UN carbon market panel picks Barbados scientist Sealy as chair

by Reuters
Tuesday, 18 February 2014 11:37 GMT

Miniature dollar notes are displayed during the traditional Alasitas fair in La Paz, January 24, 2014. During the festival, Bolivians buy miniature versions of goods they would like to own at the fair, with the hope of acquiring them in real life during the year. REUTERS/David Mercado

Image Caption and Rights Information

AB CARBON/CDM-CHAIRS:UN carbon market panel picks Barbados scientist Sealy as chair

LONDON, Feb 18 (Reuters) - A panel overseeing the United Nations' carbon market has elected a scientist from the Caribbean as its new chair with a German climate policy expert as deputy, the U.N.'s climate change secretariat said.

Hugh Sealy, an environmental scientist and chemical engineer from Barbados, was elected to head the Clean Development Mechanism's (CDM) executive board.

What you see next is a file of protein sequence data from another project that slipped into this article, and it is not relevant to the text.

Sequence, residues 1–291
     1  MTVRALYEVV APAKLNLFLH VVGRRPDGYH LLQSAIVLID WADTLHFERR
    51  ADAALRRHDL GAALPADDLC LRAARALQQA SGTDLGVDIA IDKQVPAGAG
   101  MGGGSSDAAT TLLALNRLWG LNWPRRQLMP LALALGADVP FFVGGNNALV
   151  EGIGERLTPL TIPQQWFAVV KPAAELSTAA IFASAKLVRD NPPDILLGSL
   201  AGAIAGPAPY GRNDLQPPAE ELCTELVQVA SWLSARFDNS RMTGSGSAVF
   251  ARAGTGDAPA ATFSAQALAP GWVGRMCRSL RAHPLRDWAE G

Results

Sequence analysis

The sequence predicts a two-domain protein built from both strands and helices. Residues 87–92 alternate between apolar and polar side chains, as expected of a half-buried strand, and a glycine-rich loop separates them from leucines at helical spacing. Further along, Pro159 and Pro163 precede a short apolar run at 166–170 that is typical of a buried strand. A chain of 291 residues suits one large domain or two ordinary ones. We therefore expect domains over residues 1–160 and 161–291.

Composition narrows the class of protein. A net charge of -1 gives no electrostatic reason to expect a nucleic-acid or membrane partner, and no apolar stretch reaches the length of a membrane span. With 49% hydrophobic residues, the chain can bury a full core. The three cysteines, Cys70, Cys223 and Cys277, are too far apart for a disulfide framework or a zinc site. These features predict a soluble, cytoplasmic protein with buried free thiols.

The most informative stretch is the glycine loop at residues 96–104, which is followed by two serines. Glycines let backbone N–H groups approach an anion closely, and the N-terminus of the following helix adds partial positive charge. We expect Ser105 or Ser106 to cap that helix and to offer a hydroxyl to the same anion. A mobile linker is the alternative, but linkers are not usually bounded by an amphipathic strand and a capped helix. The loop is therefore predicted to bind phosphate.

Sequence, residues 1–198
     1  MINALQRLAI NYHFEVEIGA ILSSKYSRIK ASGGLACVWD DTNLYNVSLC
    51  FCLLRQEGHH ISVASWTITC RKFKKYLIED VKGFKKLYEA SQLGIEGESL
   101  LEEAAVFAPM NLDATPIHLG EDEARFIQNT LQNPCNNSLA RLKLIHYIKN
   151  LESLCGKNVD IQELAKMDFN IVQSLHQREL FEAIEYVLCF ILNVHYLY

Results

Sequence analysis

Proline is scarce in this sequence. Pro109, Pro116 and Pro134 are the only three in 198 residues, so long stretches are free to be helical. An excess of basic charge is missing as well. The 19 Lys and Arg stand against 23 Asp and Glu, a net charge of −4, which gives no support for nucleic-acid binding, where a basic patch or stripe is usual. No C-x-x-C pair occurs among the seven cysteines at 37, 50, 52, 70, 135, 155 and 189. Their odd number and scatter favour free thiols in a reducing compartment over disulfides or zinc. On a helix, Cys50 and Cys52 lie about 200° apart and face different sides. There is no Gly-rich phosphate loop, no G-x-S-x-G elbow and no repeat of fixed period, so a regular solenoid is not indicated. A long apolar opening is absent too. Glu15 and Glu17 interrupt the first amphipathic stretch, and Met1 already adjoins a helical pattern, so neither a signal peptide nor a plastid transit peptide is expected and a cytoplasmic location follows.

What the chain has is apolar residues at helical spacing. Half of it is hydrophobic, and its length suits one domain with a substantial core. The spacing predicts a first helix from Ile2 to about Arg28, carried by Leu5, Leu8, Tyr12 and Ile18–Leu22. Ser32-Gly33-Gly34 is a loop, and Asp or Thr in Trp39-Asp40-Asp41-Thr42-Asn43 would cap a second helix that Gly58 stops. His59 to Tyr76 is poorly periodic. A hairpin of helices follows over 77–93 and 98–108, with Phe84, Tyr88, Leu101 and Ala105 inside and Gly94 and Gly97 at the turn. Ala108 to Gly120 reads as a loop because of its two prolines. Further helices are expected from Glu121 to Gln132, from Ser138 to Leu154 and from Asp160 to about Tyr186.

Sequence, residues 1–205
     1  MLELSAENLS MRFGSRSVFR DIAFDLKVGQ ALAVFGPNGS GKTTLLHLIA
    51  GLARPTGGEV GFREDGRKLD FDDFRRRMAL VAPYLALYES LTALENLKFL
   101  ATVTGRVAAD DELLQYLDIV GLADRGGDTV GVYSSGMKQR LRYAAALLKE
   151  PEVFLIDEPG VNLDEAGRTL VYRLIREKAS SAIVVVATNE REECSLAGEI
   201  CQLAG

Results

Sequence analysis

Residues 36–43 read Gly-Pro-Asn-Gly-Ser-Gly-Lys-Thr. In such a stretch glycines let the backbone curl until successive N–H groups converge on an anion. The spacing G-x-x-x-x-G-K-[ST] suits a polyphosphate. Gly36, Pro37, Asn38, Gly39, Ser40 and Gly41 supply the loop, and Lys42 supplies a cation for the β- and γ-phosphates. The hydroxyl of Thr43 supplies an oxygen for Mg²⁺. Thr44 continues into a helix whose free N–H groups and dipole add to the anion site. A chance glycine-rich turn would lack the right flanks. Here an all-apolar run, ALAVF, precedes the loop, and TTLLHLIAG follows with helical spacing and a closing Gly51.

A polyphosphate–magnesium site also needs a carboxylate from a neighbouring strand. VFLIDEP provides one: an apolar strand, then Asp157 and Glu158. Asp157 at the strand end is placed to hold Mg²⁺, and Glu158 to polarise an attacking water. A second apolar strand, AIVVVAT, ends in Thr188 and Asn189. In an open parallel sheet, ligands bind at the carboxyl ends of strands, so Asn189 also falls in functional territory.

He takes over at a time when the U.N. programme, which has transferred more than $315 billion in climate finance from rich nations to poor ones since its 2005 inception, has stalled.

Supply of the tradeable credits it generates has ballooned while their prices plummeted after many rich nations declined to use the market to help meet emissions goals.

Sealy, who teaches at St. George's University in Grenada, was vice-chair of the board for the past 12 months. He takes over from Norway's Peer Stiansen.

Germany's Lambert Schneider, a researcher in carbon markets, climate and energy policy, was elected vice-chair, the secretariat said on Monday.

They will serve as panel's chairs until 2015.

The CDM lets companies, governments and individuals fund greenhouse gas reduction projects in developing nations, and in return they receive carbon offsets that can be used against their own emissions targets or sold for profit.

The offset prices have crashed by 95 percent over the past five years to below 0.40 euros ($0.55).

While Sealy and Schneider, like past board chairs, are tasked with helping to reinvigorate the CDM, they face a hard task as the world's top emitting nations continue to bicker over who should take on more ambitious targets.

DNV GL, the largest auditor of CDM projects, last week said it is exiting the market due to low offset prices.

($1 = 0.7298 euros) (Reporting by Michael Szabo; Editing by Anthony Barker)

Our Standards: The Thomson Reuters Trust Principles.